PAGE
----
sales negotiation skills

For many in sales, negotiation is one of the most challenging aspects of the job. More often than not, these salespeople approach negotiation as a win-or-lose endurance game, a contentious battle that pits two opposing sides against each other. “Winning” means convincing the customer to accept your point of view—even if the outcome isn’t necessarily in the customer’s best interest.

It’s no wonder then that salespeople can be wary of the whole sales negotiation process. In this kind of zero-sum game, intense conflict is often a given, and that’s stressful. It’s uncomfortable. And if you’re driven by a desire to help your customers and make sure their needs are being addressed, it can feel like you’re going against everything you believe in. You end up dreading the process and may even avoid facing it altogether.

But sales negotiation shouldn’t be an adversarial experience. It isn’t about wearing down the other side or dazzling them with your clever tactics and artful persuasion. Done well, negotiation in sales is a win-win process of working through the problems or concerns that keep people from buying—when they want to work them out. Negotiation involves both skills and attitudes. It demands a combination of both IQ and EQ. As Elisa Matthews said on an episode of our Mental Selling podcast, “Salespeople with high EQ recognize that when a customer brings up a concern or objection, they are not saying no to you, they are expressing something they may not fully understand. So instead of being quick to respond with more information, they’ll ask a question to understand their why.”

You’re seeking not to bury objections but to bring them out into the open- viewing them as interest signals- so they can be properly addressed and involve the customer in resolving concerns. In the process, you’re building greater trust. When viewed through this lens, it’s easy to see how sales negotiation fits into a customer-centered sales and buying journey.

Effective sales negotiation is a natural progression of a conversation and a relationship that’s already been forged when the salesperson has made a point to build trust, understand the customer’s needs and demonstrate a solution that the customer agrees will fill their needs. When that groundwork has been laid, negotiation becomes a partnership, not a combative situation. It’s another step in the process of building rapport and addressing customer concerns.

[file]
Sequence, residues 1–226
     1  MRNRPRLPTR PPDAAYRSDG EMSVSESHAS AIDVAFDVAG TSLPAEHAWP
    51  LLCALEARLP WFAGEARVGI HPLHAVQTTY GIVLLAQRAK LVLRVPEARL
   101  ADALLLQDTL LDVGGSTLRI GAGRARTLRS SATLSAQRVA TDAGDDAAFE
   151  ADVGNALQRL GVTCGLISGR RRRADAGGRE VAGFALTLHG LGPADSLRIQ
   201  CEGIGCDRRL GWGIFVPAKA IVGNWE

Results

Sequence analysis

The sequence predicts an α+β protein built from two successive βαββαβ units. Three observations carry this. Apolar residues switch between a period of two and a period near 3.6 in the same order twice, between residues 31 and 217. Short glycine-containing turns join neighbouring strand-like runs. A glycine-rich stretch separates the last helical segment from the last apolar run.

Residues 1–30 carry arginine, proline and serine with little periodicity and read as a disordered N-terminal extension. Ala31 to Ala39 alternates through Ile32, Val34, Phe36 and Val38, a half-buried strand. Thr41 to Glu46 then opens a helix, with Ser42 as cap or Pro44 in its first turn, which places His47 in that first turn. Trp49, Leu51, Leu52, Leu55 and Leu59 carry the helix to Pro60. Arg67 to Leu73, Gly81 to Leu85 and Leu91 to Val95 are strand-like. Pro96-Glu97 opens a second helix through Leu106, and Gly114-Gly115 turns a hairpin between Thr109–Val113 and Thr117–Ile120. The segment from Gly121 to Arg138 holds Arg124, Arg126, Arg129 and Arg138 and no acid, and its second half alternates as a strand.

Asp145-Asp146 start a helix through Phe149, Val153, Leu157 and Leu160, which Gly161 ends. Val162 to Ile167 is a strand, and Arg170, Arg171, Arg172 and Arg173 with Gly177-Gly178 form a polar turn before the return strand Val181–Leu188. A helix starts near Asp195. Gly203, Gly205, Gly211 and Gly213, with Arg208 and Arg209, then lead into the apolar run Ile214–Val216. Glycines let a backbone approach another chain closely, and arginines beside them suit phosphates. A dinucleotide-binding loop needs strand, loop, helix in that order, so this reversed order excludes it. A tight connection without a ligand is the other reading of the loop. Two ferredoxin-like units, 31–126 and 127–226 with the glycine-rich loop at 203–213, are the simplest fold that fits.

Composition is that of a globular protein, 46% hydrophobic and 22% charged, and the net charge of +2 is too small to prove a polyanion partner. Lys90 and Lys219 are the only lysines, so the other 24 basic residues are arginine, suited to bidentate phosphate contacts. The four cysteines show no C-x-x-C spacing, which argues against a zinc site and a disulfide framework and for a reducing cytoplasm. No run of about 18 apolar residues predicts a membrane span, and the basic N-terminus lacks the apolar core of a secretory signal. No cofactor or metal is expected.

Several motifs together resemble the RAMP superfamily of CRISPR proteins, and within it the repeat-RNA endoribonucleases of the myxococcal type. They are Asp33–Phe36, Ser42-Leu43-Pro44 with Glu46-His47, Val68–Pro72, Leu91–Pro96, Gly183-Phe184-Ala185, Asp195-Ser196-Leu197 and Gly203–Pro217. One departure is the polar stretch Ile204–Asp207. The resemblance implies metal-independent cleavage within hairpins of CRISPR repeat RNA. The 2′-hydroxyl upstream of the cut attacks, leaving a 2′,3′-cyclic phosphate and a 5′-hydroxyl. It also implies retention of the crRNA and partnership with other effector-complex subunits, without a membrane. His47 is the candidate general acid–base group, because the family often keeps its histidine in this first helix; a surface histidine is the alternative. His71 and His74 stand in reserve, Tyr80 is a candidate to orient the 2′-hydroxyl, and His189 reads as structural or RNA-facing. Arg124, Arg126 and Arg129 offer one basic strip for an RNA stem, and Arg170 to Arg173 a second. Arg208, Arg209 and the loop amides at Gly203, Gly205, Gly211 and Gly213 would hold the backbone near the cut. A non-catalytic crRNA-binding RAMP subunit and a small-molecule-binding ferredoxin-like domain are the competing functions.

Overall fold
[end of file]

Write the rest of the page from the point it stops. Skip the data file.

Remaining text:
To get to the best decisions, you have to first surface different, previously unseen points of view, including any disagreements or misunderstandings. That’s what healthy conflict is all about. As businesses in general shift decision-making models from a top-down approach to more collaborative, inclusive decision-making that involves multiple stakeholders (including the end users of a product or solution), more disagreement and conflicting perspectives are inevitable—and more negotiation will be necessary throughout the process.

Understanding the Rationale Behind Sales Negotiations

Two common types of rationales in any sales negotiation are (1) constraint rationales and (2) disparagement rationales. Constraint rationales refer what’s holding someone back from accepting an offer, including price. Disparagement rationale, conversely, is based on scrutiny of what’s being offered (ex: doubts about its quality or impact).

Columbia Business School compared the effectiveness of these two types of rationales, finding that sellers are far more swayed by buyers’ constraint rationales than by their disparagement rationales. Why is this? First, sellers may view the criticism in a disparagement rationale as inaccurate and even insulting, and react by digging their heels in on price. Second, when buyers describe their financial constraints, sellers might simply take them at their word when they say they can’t afford the deal on the table.

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The greatest form of persuasion is to understand how other people feel and then repeat back to them your understanding.

– Dr. Carl Rogers

Changing Mindsets Around Sales Negotiation

For most salespeople, the biggest obstacle to getting what they’re hoping for in sales negotiations is not the person or organization across from them but the salesperson themselves. There’s a human tendency to react in the moment without thinking, and the ability to suspend those knee-jerk reactions is critical for advancing our own interests and finding common, mutually beneficial ground with buyers.

Like any aspect of selling, coming in with a growth mindset– viewing any negotiation as an opportunity to learn, problem-solve and understand how to create greater value- helps build critical resilience and persistence skills essential to sales success. It includes preparing well, being open to constructive feedback and separating your emotions from solving the challenge at hand.

Until you recognize and understand what’s causing those knee-jerk reactions, though, it’s difficult to change. Typically, these behaviors are rooted in a person’s inner beliefs and mindset about what negotiation is, their expectations about what they’re going to be confronted with and their confidence in their ability to navigate the process. We know that when a salesperson struggles to deal with fear of rejection, fear of failure, fear of the unknown and even fear of success, that’s what will probably cause them to fail more than anything else.